Judges are expected to give their decisions tomorrow in human rights cases affecting Malta, Turkey and the United Kingdom.
Mizzi v. Malta (no. 17320/10)
The applicant, John Anthony Mizzi, is a Maltese national who was born in 1925 and lives in Malta. In February 1994 he wrote a letter to The Sunday Times of Malta, a national English-language newspaper, complaining about plans to build a yacht marina in St.Paul’s bay, Xemxija. In the letter, which was published, he mentioned that the late Sir Paul Boffa had given building permission in the bay after the Second World War when he was Prime Minister of Malta because he “wanted to build there”. Relying on Article 10
(freedom of expression),
Mizzi complains about the ensuing court judgment ordering him to pay Sir Paul Boffa’s son 700 euros (EUR).
Erçep v. Turkey (no. 43965/04)
The applicant, Yunus Erçep, is a Turkish national who was born in 1969 and lives in Istanbul. Erçep is a Jehovah’s Witness and a consciencious objector. As such, he refused to do military service. He was called up in 1998, but failed to appear, making him a deserter. Since then he has been called up several times for new periods of military service, which he refuses to do because of his convictions.
He has, however, offered to do substitute civilian service, but there is no provision in Turkish law for that solution. As a result, every time he has refused to be conscripted criminal proceedings have been brought against him before the military court for failure to report for duty, and he has been sentenced to several terms of imprisonment.
In 2006 a law was enacted under which military courts no longer had jurisdiction to try civilians, so the proceedings still pending against the applicant were transferred to the ordinary courts.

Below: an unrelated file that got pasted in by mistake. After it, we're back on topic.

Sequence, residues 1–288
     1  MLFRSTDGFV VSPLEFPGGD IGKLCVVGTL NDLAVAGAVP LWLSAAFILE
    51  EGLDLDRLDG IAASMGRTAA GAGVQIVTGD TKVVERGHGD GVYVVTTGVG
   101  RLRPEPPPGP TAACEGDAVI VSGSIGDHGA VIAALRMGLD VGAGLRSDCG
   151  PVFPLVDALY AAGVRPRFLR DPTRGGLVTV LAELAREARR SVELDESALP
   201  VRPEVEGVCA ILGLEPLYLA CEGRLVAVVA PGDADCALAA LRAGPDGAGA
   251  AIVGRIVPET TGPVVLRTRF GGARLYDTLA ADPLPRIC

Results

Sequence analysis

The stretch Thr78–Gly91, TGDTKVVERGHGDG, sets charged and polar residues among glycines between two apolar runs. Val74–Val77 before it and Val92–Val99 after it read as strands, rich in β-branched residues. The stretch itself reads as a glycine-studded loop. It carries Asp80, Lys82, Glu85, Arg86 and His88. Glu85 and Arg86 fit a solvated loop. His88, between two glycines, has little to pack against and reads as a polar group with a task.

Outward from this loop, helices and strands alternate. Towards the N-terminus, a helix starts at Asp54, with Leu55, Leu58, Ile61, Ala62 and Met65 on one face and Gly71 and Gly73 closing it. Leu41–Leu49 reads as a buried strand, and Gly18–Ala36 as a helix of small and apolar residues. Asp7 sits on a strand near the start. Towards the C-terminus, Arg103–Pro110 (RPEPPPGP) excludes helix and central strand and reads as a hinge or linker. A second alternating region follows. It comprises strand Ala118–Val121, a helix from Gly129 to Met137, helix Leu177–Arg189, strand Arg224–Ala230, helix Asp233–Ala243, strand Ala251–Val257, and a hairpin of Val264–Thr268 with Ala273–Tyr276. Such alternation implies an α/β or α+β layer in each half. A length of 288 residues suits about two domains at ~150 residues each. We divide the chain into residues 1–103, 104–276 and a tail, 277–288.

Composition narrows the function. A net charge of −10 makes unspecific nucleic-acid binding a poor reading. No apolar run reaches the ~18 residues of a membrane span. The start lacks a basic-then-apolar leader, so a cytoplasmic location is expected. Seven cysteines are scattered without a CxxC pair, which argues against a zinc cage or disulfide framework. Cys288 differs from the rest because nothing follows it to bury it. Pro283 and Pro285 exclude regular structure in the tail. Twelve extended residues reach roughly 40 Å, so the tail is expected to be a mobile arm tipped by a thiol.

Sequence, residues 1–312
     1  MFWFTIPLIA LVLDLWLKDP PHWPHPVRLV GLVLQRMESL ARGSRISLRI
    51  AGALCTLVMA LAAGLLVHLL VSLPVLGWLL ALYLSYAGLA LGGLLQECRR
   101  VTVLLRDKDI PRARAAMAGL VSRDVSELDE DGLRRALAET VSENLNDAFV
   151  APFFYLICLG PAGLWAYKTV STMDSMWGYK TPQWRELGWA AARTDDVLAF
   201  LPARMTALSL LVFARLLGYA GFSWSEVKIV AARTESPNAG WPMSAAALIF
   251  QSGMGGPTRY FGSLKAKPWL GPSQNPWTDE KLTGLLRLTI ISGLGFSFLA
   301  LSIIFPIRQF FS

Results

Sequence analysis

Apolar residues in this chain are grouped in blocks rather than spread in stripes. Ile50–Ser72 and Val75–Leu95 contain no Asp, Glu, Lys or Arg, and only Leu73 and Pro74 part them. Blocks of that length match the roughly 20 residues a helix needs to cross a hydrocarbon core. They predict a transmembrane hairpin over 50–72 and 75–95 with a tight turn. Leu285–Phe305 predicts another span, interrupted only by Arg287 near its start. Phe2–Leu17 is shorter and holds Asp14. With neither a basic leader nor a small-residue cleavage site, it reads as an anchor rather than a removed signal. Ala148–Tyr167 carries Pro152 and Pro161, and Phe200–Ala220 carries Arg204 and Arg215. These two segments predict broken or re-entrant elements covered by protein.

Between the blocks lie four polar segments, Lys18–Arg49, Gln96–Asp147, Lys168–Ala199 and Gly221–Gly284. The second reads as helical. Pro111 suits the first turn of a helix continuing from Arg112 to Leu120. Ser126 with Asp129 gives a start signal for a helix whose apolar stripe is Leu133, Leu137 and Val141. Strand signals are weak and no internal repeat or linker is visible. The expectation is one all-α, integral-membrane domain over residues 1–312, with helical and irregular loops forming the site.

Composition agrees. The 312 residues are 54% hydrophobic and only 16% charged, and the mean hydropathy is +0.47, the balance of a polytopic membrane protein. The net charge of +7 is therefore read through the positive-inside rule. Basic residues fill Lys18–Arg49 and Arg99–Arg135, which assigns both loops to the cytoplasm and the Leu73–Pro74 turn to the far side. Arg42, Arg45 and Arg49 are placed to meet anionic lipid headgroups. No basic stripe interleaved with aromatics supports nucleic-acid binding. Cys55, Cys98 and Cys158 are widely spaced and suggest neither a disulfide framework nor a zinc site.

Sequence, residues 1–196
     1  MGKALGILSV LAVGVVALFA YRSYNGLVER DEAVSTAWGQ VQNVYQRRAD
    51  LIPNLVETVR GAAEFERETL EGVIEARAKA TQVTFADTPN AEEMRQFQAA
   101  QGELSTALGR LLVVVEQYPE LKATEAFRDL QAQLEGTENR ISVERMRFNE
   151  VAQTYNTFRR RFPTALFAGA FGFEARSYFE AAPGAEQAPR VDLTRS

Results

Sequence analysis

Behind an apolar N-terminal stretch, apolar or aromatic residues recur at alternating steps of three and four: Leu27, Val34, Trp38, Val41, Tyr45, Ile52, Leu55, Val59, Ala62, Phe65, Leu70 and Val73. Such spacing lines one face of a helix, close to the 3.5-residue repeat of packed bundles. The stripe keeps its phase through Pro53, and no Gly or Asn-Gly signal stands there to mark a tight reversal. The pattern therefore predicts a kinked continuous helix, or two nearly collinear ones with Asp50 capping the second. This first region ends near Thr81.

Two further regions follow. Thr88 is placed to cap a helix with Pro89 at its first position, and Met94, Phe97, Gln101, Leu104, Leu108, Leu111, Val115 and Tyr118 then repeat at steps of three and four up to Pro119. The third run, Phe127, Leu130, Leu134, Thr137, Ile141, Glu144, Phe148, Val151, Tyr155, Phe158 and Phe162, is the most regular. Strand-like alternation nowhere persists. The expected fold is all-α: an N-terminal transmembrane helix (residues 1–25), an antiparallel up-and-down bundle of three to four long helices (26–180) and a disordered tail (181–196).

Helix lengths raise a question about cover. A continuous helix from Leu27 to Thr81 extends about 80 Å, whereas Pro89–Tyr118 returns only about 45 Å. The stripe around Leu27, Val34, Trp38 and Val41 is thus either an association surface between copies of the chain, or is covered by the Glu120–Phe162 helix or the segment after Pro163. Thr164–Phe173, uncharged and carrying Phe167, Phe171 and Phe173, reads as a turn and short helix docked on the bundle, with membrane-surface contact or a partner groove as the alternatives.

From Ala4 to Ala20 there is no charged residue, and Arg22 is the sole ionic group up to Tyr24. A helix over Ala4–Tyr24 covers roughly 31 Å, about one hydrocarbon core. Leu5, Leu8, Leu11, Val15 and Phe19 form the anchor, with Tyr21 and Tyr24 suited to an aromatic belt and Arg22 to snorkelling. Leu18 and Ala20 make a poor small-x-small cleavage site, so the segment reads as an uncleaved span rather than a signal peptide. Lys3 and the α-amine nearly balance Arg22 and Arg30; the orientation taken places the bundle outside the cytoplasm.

Since 1998 more than 25 sets of proceedings have been brought against the applicant and there is a risk that he will continue to be called up and convicted for failure to report for duty in the future. Relying on Article 9 (right to freedom of thought, conscience and religion), he complains about his successive convictions for refusing to report for military service.
Kurt v. Turkey (no. 23164/09)
The applicant, Recep Kurt, is a Turkish national who was born in 1958 and lives in Malatya (Turkey). He is the father of Ekrem Kurt, who was born on 27 August 1986 and died on 6 March 2007 during his military service. In 2006 Ekrem Kurt registered with the recruitment office and underwent the usual medical examination, including a psychological examination by a psychiatrist, who found that he suffered from neurotic disorder but was fit for military service.
Following his military training, Ekrem was recruited into the Gülazi gendarmerie. He was examined by the doctor at the barracks, who found that Ekrem suffered from auditory and visual hallucinations. As a result, he
was not issued with a weapon.
On 6 March 2007 Ekrem was found at his guard post with a serious bullet wound to the head. He could not be saved. Relying on Article 2 of the Convention (right to life), the applicant complains that the authorities failed in their positive obligation to protect his son’s life. He also relies on Article 6 (right of access to a court) and Article 13 (right to an effective remedy) and complains that he was not heard by the prosecutor during the investigation into his son’s death and that there was no effective remedy in Turkish law for his complaints.
Alder v. the United Kingdom (no. 42078/02)
The applicant, Janet Alder, is a British national who lives in Lancashire. The case concerns the death of her brother – of Nigerian origin – in the custody of Humberside police on 1 April 1998 following his arrest for breach of the peace.
She relies on Articles 2 (right to life), 3 (prohibition of inhuman or degrading treatment) and 14 (prohibition of discrimination).